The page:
He answered it diplomatically, a marked change from his usual braggadocious approach in recent times, saying he hopes the pair give fight fans the best possible while stressing a desire not to “get involved in anyone else’s business,” something which doesn’t really apply here.
The winner of that rematch has long been lined up to face Fury in a unification bout for the division’s four belts. It’s hard to imagine him ignoring that if Joshua wins said rematch later this year considering that – not Whyte – was the domestic dust-up fans have long clamoured to see.
As night descended in north-west London, reports confirmed Fury’s close friend and former WBO heavyweight champion Joseph Parker (#2 WBO) has agreed a deal in principle to face Joe Joyce (#1 WBO) on an unnamed date in July – a significant matchup with plenty at stake for both.
It’s a fight I’ve long called for, to see where the latter is, as time waits for no man. At 36, the Juggernaut is older than both main event boxers here. Frustratingly, it will have been another year between fights, once the 2016 Olympic silver medallist returns to in-ring competition.
Whyte, who celebrated his 34th birthday on Apr. 11, will have some soul-searching to do in the coming months as far as team and tactics are concerned. Does he reflect, retool and come back stronger or is this it now? On my unofficial scorecard, I gave him the first round but nothing else.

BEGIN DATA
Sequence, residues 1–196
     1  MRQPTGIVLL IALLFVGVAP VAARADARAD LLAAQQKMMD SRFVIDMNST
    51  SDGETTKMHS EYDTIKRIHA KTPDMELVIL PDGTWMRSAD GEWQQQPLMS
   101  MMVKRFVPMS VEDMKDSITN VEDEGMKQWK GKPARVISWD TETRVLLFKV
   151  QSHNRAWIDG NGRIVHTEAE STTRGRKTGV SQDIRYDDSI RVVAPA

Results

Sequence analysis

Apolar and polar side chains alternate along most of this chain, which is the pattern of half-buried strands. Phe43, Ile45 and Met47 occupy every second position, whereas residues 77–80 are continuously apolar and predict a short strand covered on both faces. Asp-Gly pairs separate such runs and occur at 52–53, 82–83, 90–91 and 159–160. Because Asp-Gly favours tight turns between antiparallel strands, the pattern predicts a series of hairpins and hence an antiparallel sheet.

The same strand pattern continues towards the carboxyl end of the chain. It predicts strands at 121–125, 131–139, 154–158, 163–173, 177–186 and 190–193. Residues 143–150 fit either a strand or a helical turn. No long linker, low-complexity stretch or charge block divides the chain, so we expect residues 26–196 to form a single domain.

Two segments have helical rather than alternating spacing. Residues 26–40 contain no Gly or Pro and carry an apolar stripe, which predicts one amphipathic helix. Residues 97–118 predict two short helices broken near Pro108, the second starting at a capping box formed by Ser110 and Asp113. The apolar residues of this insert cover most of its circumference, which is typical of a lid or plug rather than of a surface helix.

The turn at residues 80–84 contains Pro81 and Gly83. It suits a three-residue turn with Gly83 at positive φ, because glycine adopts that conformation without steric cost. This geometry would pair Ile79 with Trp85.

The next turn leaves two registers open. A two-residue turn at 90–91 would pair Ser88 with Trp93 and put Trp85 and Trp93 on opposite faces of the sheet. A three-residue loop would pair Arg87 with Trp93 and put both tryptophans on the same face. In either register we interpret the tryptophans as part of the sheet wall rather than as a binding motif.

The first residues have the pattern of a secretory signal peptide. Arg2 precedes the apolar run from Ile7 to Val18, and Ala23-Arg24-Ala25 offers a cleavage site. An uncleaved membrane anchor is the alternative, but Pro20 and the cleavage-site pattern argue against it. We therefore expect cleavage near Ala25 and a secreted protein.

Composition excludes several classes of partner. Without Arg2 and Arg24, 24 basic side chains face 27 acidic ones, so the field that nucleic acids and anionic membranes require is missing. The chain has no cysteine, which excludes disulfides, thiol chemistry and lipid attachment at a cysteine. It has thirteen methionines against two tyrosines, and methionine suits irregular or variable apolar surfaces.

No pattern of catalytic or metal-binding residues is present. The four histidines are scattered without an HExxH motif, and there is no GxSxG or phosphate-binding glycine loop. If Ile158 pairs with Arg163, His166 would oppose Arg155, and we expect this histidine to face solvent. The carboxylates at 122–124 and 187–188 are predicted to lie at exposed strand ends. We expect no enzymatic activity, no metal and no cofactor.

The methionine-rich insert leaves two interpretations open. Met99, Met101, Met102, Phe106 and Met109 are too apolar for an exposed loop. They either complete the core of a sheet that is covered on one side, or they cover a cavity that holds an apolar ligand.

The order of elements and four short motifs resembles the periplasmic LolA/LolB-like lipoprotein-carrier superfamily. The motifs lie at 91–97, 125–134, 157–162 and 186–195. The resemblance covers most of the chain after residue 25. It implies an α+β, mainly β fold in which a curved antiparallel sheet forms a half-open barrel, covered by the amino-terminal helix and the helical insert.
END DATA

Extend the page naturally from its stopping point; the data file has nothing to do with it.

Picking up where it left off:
You’d be hard pushed to find more than two rounds in his favour during a night that amplified his deficiencies, rather than highlighting the strengths which made him feared by many.
Joshua, his former foe, is in must-win territory too this year. Whether that be in Saudi Arabia, back on home soil again or elsewhere. Ridicule his weight all you like, Usyk has displayed the tools to reign over this division as long as he wants, with or without Fury as a future foil.
Andy Ruiz’s comeback trail continues on July 16 against two-time title challenger Luis Ortiz, another year-long stint after he overcame a worrying start to outwork Chris Arreola last May.
There’s plenty of work for all to do and Fury, for all the charisma and boxing ability which has made him a world star in recent years, doesn’t seem keen on keeping contenders waiting.
Picture source: Getty Images